Introduction to Philippians

Paul’s letter to the church in Philippi is uniquely positive in character, thanking the church for the gift it sent him while he was imprisoned in Rome.  Throughout the letter, though, Paul takes the opportunity to encourage the church in the midst of persecution and to exhort them to humility and unity within the faith community there.

The city of Philippi had a very unique and sorted history, being named after a Greek king, Philip the second, who conquered the city and named it after himself.  In the time of the Roman Empire, Philippi was a prosperous city which was located on the main highway that connected the eastern provinces of the Roman Empire with Rome itself.  This road, known as the Egnatian Way, was both the lifeline of the city and also the reason for its prosperity.  Philippi was also unique in that very few Jews lived within the city.  This may account for the fact that Paul’s letter to the church here contains no direct quotations of the Old Testament.

Philippi was located in Macedonia, in what is now northern Greece. Photo Credit: www.holylandphotos.org

Philippi was located in Macedonia, in what is now northern Greece.
Photo Credit: www.holylandphotos.org

Acts 16 records Paul’s first visit to the city of Philippi in roughly A.D. 50-51, on his second missionary journey.  Following a vision that God gave him, Paul and his traveling companions made the journey to Macedonia and preached the Gospel to those he met there.  Out of that came the conversion of Lydia, a particularly prominent woman in the early church whose hospitality and leadership are noted by Paul in Scripture.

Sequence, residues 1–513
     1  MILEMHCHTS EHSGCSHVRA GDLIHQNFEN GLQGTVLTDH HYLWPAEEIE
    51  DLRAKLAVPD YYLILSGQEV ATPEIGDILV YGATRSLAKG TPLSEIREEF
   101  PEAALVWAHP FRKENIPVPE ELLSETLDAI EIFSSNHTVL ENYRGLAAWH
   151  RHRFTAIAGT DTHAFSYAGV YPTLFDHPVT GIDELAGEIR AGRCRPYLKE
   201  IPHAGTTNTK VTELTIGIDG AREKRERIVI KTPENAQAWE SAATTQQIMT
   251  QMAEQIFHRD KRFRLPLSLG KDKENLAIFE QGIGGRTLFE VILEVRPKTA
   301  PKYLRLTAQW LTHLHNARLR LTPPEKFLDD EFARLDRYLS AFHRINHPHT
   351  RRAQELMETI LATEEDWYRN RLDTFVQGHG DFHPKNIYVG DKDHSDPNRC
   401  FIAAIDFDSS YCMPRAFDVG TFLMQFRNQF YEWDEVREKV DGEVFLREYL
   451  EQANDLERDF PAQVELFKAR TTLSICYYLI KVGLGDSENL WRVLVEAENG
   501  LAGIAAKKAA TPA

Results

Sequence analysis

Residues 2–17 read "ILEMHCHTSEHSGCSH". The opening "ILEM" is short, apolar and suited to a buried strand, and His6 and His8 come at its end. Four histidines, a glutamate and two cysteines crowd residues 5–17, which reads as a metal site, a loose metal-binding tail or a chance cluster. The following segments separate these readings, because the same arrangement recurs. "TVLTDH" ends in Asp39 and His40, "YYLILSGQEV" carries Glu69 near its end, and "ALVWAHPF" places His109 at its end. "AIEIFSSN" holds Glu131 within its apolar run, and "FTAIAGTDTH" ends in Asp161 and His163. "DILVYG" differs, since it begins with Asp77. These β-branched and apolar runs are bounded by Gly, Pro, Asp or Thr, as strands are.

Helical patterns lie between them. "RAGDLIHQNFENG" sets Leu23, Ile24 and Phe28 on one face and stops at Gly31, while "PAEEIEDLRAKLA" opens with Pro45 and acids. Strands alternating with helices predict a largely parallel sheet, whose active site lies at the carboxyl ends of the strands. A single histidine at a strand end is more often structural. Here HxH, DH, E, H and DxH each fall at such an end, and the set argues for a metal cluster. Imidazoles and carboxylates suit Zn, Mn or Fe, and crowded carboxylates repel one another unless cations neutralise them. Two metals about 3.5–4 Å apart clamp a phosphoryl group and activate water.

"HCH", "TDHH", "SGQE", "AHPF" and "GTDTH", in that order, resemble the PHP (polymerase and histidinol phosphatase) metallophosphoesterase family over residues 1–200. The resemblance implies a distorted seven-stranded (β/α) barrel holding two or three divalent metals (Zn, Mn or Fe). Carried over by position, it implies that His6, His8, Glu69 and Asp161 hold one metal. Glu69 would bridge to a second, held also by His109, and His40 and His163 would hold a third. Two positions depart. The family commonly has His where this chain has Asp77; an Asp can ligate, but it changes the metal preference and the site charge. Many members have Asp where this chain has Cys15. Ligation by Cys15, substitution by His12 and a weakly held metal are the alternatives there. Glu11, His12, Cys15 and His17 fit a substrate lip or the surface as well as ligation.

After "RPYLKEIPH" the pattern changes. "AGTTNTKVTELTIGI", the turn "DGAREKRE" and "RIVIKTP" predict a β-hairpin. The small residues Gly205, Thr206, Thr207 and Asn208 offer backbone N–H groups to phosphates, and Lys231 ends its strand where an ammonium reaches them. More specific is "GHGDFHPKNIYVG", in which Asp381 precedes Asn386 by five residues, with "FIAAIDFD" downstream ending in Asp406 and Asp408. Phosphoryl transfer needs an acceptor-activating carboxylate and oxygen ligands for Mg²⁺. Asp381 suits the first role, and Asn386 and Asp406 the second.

The book of Philippians expresses a very practical and yet rigorous type of Christian living, commending its readers to follow the very example of Christ as it is expressed in chapter 2.  This is widely considered to be one of the most profound Christological passages in the New Testament.



Introduction to Galatians

Unlike many of Paul’s letters, the book of Galatians may not have been written to a specific city church, but rather to a region with a more general audience.  The region Galatia is located in what is now the country of Turkey and was visited frequently by Paul during his three missionary journies.  While it is not documented directly, we know that Paul visited and set up churches in several cities in the region including Pisidian Antioch (Acts 13), Lystra and Derbe (Acts 14), and Iconium (Acts 16 and 2 Timothy 3).

 

Paul took several missionary journeys and often passed through the region of Galatia. Photo Credit: www.psephizo.com

Paul took several missionary journeys and often passed through the region of Galatia.
Photo Credit: www.psephizo.com

 

While the destination of this letter may be a bit different than the others, the content and layout of the book of Galatians, as well as the purpose for Paul’s writing strikes a very familiar chord.  The Judaizers, those Jews who converted to Christianity but still held to many of the ceremonial practices of the Old Testament, were both questioning Paul’s Apostolic authority and pressing Gentile Christians to abide by Old Testament laws, specifically circumcision.

Paul, responding to this situation, is quick to defend his authority as an Apostle.  He then writes a doctrinal treatise of the doctrines of Justification, Christian freedom, and faith.  This is followed by a practical application section regarding this doctrine, as is often the case with Paul’s writing.

The book of Galatians may be one of Paul’s earliest known writings.  Though there is some dispute as to when it was written, there is no doubt that this letter came very early on in Paul’s ministry.  Galatians is both eloquent and vigorous in its apologetic nature, defending the essential truth of the Gospel and the New Testament that those who believe in Jesus Christ are justified by faith in Him, through the grace of God alone.